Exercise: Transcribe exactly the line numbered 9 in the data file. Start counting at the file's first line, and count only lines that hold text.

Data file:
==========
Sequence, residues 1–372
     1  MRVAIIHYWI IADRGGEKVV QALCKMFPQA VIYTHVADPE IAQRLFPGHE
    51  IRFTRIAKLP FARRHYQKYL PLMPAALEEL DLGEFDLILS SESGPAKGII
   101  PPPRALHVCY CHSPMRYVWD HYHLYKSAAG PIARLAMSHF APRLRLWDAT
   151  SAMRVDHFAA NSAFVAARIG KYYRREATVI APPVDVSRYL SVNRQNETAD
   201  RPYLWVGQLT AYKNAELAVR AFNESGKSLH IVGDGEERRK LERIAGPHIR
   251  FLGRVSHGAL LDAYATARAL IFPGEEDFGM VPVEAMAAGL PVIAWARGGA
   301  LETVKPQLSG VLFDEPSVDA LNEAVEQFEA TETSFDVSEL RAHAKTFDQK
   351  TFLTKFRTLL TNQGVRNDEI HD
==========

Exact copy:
   351  TFLTKFRTLL TNQGVRNDEI HD